• The teachers in educationally developed countries are expected to have received a masters degree and complete the equivalent residency programme.
• The schools, aimed to boost capabilities, have shifted from the industrial age to modern digital era. They don’t produce robots keeping in mind employers have already had enough. What an employer wants today is creativity and that can only be achieved through multiple intelligence formulae.
• The schools train the children to be of use to the society in terms of ethics and moralities.
• More than anything, education in these ‘developed’ countries is free of cost without any compromise on the quality.
• Sub-Saharan Africa has the largest number of 202 million children and adolescents who aren’t learning.
• Central and South Asia has the second highest rate with 81% or 241 million not learning.
• UNESCO Institute for Statistics show that 617 million children and adolescents worldwide are not achieving minimum proficiency levels in reading and mathematics. This is termed as a ‘learning crisis’ as it threatens the Sustainable Development Goals. This means that 56% of all children won’t achieve minimum proficiency levels by the time they should be completing primary education.
• Economic value on the cost of illiteracy is estimated at USD 1.2 trillion to the global economy proving that this problem is not confined to the developing world.

What  We Need to Do 
• Declare an educational emergency in the country by bridging the gap between government and private schools, bringing both on board with one governing body and that too federal. The passage of education from the federal to the provincial setup has further worsened the standard of education.
• Capping the fee structures of private schools.
• Subsidizing education, meaning quality remains the same as of the leading private schools but with a minimum fee structure.
• Create jobs by promoting technical and vocational education.
• Ensuring merit at all levels so that the students excel in whichever field they are comfortable without the fear of not being able to earn a living.
• Launching a workable education policy in the country.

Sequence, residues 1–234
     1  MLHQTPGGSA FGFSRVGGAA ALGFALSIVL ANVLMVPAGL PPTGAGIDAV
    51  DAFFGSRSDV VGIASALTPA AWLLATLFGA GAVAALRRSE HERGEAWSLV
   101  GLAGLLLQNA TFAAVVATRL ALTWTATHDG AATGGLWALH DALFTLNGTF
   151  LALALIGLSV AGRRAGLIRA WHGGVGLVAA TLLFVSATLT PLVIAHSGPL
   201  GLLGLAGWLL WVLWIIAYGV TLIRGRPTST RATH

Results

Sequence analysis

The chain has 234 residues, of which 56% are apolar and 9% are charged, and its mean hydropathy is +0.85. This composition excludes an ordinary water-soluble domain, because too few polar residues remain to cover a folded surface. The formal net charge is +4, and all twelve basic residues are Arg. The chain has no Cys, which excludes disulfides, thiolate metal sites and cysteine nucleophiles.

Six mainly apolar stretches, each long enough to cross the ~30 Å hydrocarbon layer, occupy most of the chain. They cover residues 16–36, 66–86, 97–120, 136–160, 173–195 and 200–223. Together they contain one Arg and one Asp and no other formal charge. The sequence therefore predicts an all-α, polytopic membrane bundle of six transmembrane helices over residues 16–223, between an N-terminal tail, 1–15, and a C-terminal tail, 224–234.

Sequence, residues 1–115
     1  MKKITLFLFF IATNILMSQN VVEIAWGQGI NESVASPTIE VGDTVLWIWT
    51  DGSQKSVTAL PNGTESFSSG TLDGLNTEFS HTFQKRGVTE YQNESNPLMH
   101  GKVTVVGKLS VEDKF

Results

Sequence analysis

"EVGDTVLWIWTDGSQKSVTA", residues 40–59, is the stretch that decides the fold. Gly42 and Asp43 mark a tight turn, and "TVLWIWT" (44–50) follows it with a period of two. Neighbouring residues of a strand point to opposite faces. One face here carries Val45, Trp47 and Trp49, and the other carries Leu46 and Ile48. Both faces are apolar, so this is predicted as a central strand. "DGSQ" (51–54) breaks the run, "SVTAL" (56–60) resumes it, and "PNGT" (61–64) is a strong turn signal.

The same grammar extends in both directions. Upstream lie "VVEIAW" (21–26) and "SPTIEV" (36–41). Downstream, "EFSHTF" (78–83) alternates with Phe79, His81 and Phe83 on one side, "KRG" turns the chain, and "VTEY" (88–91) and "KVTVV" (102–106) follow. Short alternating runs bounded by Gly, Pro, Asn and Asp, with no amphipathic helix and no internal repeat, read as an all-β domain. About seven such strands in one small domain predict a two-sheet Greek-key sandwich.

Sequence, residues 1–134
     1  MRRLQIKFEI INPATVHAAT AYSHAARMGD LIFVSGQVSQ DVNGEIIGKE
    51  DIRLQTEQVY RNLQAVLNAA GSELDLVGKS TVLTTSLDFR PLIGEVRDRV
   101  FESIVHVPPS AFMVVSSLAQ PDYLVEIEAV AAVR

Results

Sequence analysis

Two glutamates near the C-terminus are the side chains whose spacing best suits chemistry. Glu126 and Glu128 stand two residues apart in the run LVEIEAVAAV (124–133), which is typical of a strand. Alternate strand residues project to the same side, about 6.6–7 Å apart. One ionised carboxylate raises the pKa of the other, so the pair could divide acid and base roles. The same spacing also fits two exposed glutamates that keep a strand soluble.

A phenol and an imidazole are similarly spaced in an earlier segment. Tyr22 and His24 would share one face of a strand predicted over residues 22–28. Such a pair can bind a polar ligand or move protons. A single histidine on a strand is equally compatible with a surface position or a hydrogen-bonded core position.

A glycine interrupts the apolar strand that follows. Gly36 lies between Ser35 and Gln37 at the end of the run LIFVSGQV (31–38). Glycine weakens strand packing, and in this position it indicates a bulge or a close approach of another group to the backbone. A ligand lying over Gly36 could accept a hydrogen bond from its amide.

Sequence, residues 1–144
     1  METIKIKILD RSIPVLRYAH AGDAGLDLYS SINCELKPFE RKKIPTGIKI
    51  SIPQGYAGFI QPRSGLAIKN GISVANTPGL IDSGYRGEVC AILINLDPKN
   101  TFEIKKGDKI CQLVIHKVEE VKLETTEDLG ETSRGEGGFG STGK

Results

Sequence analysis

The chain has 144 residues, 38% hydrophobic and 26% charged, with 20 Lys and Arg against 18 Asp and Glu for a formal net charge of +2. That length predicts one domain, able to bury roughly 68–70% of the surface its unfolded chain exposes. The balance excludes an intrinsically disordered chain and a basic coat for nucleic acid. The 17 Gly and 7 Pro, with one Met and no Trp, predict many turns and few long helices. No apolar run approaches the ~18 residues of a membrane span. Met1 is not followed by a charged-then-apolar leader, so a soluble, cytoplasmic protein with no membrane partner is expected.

• Bringing in foreign investment in the sector by announcing initiatives, hence having third party audits in every capacity.
• Training teachers with critical thinking methods, revolutionizing teaching methods by making it interactive and incorporating visual aid.
• Elected MPA’s and MNA’s should hold meetings with the youth of their area and promote the concept of community education, where everyone who is educated, teaches somebody less fortunate over the weekends. In return their voluntary work would be acknowledged by either giving them incentives of some sort.
• Strictly banning child labour across the country and punishments to be imposed.
• Bring the article of the provision of free and compulsory education of the constitution to life.
Pakistan clearly lags behind in its Sustainable Development Goal of reaching the 90% literacy rate by the year 2025, though literacy also needs to be redefined. The mediocrity of government run schools and instituions would only push our children into a dark pit from where there is no return. It is high time we understood that peace in Pakistan has been achieved after years of stuggle and sacrifice of thousands of human lives. We need to make sure of its perseverance, therefore, the sufferings of being a terrorized state can only be eliminated by provision of quality and affordable education. The traces of terrorism in the form of distorted human behaviors especially of our youth can only be erased by education. Education that eliminates social disparity is an investment to achieve, both human and economic development. Through this one realization we can prevent spread of corruption, hunger, poverty, crime, poor health and unemployment.

The writer is an anchorperson and executive producer by profession with a private TV channel. She is also an educationist by passion. 
E-mail: [email protected]
Twitter: @MariumIsmail1